“Change happens at the speed of trust” is a phrase I use too often, but it doesn’t feel diminished or less relevant from overuse.
It’s a sign of how obviously true it feels as a phrase that I don’t remember where I first ‘learnt’ or heard it. In looking to attribute the quote (originally from Stephen M.R. Covey’s book The Speed of Trust) I found two useful builds:
From Rev Jennifer Bailey that “relationships are built at the speed of trust, and social change happens at the speed of relationships”.
And from Covey that in organisations or systems, trust affects two key outcomes: speed and cost (I’d argue it affects many more too).
The central importance of trust and relationships are things I’ve been acutely aware of in the first six months of my role as Programme Director of the South Yorkshire Innovation Hub. The Innovation Hub is a partnership between Yorkshire & Humber Academic Health Science Network (AHSN) and South Yorkshire Integrated Care Board (ICB), and we help the South Yorkshire Integrated Care System to:
- Deliver innovation projects
- Identify unmet needs and relevant evidence and innovation that can help address these needs;
- Develop a culture of innovation
In essence the Hub helps South Yorkshire ICB to bring innovation to bear on meeting its key priorities and challenges. From supporting new ideas and partnerships to grow, to spreading best practice across the system, the Hub works in partnership with our NHS colleagues, academia, innovators and other organisations part of the South Yorkshire ICS to help innovation to flourish and support progress towards our integrated care priorities.
I’m new to working in the South Yorkshire system, having lived here for a few years but working elsewhere. But in the short time I have been in post, I have been impressed by the enthusiasm and passion I have seen for innovation. One of my ambitions is to harness this passion by bringing together colleagues across the region from health and care providers, researchers and innovators to community groups and voluntary organisations who share the same vision to create a health and care system where everyone has access to the right care, at the right time, in the right place.
There’s a lot of people you can meet within six months, but it’s not a long time to build the deep trusting relationships you need to help drive the system change we would like to see over the next decade. South Yorkshire’s Integrated Care Strategy sets out a bold vision that ‘everyone in our diverse communities lives a happy, healthier life for longer’, achieving that vision will require acting in some radically different ways.
Too often innovation is seen as rapid flash in the pan projects that don’t lead to sustained change, and research as slow enquiries that don’t get you the answers you need when you need them. Developing a system approach to research and innovation that avoids the pitfalls of both of these (at times true) misgivings is my focus in my role over the coming years.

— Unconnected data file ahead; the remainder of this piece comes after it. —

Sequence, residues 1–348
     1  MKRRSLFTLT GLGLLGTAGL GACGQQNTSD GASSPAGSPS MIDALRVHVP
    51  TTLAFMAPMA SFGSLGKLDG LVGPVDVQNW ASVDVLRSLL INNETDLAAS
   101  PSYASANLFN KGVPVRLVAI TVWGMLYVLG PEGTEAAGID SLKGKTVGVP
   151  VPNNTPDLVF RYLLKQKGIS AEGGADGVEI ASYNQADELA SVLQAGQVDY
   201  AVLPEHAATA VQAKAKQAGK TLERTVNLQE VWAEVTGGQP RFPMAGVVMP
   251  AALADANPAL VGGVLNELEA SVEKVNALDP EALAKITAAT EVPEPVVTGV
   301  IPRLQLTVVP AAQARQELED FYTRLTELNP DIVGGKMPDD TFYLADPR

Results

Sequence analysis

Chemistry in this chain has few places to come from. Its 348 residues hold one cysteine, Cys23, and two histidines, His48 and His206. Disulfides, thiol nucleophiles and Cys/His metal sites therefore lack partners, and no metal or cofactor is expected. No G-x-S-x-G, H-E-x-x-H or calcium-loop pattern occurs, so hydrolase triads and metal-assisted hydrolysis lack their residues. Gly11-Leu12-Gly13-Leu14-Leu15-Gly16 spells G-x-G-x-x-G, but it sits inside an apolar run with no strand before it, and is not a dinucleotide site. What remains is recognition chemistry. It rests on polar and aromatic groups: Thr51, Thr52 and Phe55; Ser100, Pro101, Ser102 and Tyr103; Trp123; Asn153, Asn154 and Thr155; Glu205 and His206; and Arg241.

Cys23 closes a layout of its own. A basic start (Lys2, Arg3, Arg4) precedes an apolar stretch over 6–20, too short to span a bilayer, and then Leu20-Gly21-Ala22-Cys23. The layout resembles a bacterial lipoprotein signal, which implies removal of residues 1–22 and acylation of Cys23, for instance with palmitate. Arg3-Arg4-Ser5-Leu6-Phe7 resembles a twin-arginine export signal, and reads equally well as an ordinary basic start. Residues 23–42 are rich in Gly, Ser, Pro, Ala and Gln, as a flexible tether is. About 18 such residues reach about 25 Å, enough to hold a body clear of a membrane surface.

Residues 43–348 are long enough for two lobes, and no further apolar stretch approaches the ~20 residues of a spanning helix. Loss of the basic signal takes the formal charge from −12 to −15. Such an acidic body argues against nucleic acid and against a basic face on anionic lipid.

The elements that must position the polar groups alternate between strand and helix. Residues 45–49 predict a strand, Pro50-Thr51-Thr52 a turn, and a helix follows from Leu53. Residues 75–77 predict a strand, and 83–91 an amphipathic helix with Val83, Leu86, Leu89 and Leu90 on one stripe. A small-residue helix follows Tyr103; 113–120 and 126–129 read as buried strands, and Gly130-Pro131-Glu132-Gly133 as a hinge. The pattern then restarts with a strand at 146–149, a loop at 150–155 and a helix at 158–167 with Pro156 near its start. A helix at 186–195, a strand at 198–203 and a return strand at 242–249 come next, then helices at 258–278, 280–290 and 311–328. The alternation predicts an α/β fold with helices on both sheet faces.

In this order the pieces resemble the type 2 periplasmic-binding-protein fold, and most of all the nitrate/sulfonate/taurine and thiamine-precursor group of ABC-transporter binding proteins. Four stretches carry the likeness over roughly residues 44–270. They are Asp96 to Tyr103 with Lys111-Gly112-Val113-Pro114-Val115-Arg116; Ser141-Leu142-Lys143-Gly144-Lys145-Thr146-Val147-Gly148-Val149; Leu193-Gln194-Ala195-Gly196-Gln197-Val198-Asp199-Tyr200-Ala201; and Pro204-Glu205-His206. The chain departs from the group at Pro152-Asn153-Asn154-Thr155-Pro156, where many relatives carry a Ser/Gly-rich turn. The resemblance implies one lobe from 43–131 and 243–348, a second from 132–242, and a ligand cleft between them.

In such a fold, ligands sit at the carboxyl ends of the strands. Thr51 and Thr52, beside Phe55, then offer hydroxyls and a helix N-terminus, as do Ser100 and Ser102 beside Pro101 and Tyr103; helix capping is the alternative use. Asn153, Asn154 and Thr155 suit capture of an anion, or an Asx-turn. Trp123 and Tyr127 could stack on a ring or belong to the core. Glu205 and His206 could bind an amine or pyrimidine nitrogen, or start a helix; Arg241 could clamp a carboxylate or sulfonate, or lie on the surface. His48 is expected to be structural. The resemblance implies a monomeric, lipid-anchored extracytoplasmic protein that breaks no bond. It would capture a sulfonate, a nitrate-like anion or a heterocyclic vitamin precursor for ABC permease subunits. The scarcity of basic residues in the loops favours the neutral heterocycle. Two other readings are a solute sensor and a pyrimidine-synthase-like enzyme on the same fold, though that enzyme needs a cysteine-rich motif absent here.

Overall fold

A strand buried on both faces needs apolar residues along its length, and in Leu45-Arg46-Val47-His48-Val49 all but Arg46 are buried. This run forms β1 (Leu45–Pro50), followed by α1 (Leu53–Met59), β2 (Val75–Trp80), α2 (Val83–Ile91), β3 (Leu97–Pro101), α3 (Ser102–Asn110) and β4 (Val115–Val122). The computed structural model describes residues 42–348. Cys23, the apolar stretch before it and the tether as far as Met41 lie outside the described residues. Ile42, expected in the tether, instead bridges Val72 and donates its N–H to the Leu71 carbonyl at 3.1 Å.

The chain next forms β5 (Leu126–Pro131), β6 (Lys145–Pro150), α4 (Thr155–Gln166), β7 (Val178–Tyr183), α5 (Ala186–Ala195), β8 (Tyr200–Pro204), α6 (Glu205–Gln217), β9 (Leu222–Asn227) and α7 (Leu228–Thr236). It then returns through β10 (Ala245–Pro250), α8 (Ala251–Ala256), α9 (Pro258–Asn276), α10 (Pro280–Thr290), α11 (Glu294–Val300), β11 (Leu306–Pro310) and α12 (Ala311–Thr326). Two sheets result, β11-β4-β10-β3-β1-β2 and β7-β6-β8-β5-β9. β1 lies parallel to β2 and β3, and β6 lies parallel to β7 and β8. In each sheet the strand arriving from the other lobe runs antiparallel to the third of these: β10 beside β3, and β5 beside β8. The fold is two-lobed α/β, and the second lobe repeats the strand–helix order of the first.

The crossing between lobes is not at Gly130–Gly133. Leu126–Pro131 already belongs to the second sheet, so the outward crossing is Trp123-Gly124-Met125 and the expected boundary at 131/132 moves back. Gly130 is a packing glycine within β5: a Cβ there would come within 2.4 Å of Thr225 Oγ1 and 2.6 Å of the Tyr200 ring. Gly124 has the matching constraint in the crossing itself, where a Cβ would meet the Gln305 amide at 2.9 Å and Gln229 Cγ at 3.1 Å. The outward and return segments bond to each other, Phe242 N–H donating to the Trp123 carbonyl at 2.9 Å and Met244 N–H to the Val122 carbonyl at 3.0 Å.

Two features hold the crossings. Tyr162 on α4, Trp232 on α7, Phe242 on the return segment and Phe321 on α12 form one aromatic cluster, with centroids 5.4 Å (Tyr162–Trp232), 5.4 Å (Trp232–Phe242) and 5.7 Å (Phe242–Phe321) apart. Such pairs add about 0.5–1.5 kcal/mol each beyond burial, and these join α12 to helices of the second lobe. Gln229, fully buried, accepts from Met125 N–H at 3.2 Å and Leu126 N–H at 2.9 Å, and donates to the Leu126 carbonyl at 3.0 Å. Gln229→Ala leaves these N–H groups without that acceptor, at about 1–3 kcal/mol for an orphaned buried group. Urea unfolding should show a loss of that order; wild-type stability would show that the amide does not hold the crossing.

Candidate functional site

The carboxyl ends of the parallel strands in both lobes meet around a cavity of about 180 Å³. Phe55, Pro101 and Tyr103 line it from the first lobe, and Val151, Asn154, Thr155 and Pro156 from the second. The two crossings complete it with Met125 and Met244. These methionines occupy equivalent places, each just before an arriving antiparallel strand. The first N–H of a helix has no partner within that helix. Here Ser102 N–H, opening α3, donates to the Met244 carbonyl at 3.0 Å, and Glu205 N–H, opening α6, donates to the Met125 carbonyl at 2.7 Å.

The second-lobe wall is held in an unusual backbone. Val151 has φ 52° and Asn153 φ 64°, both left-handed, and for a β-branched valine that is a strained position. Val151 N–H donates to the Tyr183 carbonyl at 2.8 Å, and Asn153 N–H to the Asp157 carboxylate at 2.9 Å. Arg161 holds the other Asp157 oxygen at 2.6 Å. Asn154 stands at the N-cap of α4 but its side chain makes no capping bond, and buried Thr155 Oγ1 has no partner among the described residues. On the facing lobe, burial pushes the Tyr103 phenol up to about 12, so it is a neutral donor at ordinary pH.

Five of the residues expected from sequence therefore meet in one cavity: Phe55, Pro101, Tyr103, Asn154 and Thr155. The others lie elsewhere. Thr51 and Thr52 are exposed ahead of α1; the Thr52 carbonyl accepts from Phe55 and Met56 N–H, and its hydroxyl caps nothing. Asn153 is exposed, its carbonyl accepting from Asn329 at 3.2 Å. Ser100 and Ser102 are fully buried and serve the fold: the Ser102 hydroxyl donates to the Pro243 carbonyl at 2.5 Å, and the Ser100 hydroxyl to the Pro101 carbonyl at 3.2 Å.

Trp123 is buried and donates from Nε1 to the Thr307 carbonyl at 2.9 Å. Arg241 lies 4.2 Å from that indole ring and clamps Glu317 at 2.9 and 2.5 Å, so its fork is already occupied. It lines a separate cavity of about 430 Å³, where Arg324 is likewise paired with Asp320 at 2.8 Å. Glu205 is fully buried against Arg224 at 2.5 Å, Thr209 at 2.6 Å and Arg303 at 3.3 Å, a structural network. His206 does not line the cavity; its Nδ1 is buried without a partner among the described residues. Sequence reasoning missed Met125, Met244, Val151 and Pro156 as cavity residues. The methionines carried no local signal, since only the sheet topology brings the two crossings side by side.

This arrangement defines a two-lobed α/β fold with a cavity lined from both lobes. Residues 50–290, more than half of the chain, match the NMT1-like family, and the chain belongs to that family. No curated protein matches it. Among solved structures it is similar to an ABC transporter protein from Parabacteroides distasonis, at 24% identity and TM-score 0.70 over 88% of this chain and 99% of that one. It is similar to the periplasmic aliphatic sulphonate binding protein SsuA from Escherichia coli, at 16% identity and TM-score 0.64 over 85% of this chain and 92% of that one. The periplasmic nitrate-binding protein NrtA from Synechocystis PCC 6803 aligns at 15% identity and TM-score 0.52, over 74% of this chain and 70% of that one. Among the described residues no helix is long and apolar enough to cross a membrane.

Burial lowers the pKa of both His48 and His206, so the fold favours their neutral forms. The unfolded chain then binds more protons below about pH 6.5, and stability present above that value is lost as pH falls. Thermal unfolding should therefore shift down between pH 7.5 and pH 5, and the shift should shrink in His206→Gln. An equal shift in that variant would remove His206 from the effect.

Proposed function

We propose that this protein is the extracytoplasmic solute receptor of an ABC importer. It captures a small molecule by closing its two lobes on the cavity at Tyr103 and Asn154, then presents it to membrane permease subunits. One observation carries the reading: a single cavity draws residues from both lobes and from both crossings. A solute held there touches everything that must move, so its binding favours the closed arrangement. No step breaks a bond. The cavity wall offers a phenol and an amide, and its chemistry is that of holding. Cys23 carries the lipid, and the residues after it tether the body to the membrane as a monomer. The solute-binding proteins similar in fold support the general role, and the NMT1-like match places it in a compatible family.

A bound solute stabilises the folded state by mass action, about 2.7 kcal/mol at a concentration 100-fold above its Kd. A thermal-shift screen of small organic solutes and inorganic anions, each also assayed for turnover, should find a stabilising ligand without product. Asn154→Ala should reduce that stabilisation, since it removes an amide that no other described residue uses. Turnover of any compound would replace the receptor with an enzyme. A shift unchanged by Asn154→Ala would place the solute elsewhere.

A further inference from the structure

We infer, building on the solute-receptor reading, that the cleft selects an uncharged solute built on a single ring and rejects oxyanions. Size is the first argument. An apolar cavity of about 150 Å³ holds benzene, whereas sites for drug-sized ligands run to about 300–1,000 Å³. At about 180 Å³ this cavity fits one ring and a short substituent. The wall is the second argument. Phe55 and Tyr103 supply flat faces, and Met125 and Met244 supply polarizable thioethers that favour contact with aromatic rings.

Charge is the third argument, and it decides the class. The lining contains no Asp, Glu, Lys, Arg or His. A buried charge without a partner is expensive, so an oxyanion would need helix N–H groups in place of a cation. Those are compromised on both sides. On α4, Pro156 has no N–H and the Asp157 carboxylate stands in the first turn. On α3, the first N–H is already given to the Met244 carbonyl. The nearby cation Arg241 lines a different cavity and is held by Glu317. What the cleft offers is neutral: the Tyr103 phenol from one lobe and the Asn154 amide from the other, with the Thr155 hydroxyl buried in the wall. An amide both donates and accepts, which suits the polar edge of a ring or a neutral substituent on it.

The foundational relationships I’ve established in the last six months with the networks at the South Yorkshire ICB, from our research and innovation forum, academic partners and professional networks to our colleagues at the Yorkshire & Humber AHSN and science and innovation partners, are the key ingredients to making our Innovation Hub succeed and support system change over the long term.
In these first months in post, I’ve experienced that relationships, trust and therefore change happen faster when you root the relationship in practical work together. Since I have joined the South Yorkshire Innovation Hub, we’ve been busy with:
- The second phase of an innovation grant with the South Yorkshire and Bassetlaw Cancer Alliance, which is funding projects to address inequalities in access to care, co-designing new solutions with communities, and testing the role of new technologically enabled models of care
- The design and delivery of an innovation grant to address health inequalities in our workforce, which aims to invite and fund innovative new ideas to close the gap in health outcomes for the South Yorkshire health and care workforce – recognising the important role we play as an employer in influencing the health of our local population
- Scoping new research partnerships to understand the impact of remote monitoring tools in social care, address population health challenges identified in our Integrated Care strategy
- Convening a research and innovation forum that brings together health and care practitioners, research leads and innovation partners to discuss ideas and foster partnerships around key areas of clinical priority
- Establishing a new system partnership governance forum for digital, research and innovation
None of this work happens within the Hub alone – but rather with colleagues across the ICB and our research and innovation partners. Working together has built stronger relationships, made us more aware of each other’s strengths, and helped to build our trust in the other so that together we can work through a problem to get to an answer.
Over time, these relationships we build as a Hub with our wider system will help us, as Covey says, to “act faster to turn challenges into innovative solutions, and be more efficient and effective in how we do so”. In turn, we hope that the bets we place on innovation will over time improve outcomes for the South Yorkshire population, save our system money, help us to work more effectively and focus our energy on where it can have most impact.
If you’d like to be part of making this change happen, I’d love to chat and get to know you, so that we can start to build the trust we need to make the change happen together.